By Matt Hose
It took a road trip up the coast of California for me to understand one of Aristotle’s lessons, a lesson of friendship.
In his Nicomachean Ethics, Aristotle wrote that there are three types of friendships: friendship of utility, friendship of pleasure and friendship of the good.
Friends of utility are the ones who are useful to you. If you do not have a car and are friendly to someone solely for the reason that he or she does have a car, then that is a friend of use. The friend of pleasure is one with whom you enjoy doing activities, such as surfing, making music or the “friends with benefits” status that becomes popular in college (though it is certainly up for debate as to whether a friend with benefits is a friend of utility or one of pleasure).
These first two types of friendship, Aristotle says, are easily dissolved once the circumstances surrounding them change or when the friends become separated.
The friendship of the good, on the other hand, is one in which each person seeks to maximize the good of the other person in every way. In other words, it is not a selfish friendship. It is one in which you always want to do good for your friend without thought of reciprocation.
So, the question for everyone is: how do we determine which of our friends belongs to which category?
In college, where many of my conversations are reduced to Howyadoin-s and how-was-ya-weekend-s, it can be difficult to sieve out the people who would be friends to the end from the ones that are just along for the ride.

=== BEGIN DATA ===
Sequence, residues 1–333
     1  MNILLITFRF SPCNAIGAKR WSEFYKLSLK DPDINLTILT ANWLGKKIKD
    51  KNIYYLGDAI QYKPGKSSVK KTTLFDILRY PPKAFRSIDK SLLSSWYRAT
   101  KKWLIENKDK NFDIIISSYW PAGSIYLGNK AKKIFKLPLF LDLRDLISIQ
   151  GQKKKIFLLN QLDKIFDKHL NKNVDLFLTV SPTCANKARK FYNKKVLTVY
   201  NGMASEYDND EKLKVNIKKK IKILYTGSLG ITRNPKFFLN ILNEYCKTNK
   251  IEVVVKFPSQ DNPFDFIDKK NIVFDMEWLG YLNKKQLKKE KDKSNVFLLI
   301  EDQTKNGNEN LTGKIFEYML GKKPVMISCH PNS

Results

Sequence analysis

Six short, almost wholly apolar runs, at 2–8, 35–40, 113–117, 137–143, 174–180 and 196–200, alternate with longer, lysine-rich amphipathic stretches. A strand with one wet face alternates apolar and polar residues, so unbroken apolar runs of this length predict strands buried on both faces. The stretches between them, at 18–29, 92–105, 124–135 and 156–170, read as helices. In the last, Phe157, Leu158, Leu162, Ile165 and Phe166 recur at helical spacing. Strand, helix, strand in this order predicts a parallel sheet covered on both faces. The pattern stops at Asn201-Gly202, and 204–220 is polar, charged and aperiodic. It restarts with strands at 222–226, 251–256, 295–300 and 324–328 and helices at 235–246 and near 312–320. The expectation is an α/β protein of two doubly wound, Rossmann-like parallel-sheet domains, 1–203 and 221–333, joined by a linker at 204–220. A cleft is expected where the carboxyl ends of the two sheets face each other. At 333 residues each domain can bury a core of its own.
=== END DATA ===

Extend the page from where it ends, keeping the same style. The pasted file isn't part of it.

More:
I argue that the best way to find out which category a friend belongs in is through a road trip.
At least, that was the way I found out. I took a road trip this Spring Break to Portland and Seattle.
Our vessel was a white truck that was made in 2006 but could have just as easily been made in the 1970s. It has an old-fashioned crank window that squeaks and creaks as you muscle it up. The door does not shut all the way, making the car sound like a hurricane when it reaches speeds greater than 70 mph. The only source of electrical entertainment is an AM/FM radio which flickers in and out as you travel through the grapevine and under the monstrous redwoods of Northern California.
So, my travel companion and I set out for Portland in this car, and I put Aristotle’s ideas to the test in my own mind. What kind of friend was she?
It occurred to me that long stretches of road would be difficult with a friend of pleasure, and nearly impossible with a friend of use. With a friend of pleasure, the circumstances surrounding the friendship would disappear in a car. As long bouts of silence undoubtedly take hold on trips that can last 12 hours each day, the friendship would unravel and the two travelers would realize that their interests do not always align.
For the friend of pleasure, conversation is a means to an end. It is what you occupy your time with on the way to a new surf spot so you can get that new experience. Silence is killer with these friends.
With the friend of good, conversation itself is an end. As you drive along winding stretches of road, the less meaningful conversations are filtered out from your dialogue. You feel physically and mentally secure with expanses of time without conversation, and only make conversation when it is something truly important to you, or something new and interesting. Those are the kinds of friendships that can last a lifetime.
With these friends, you can tailor yourself to fit with the personality of the other person.
I found out on that trip that my friend was a friend of the good. Instead of playing car games, we could make up car games. We tried to see who could scream loudest when passing various livestock; we read aloud from hilarious books by David Sedaris.
In the end, a relationship placed inside of the vessel of a car can either crumble or it can form a stronger bond. It all just depends on the friend that you are around.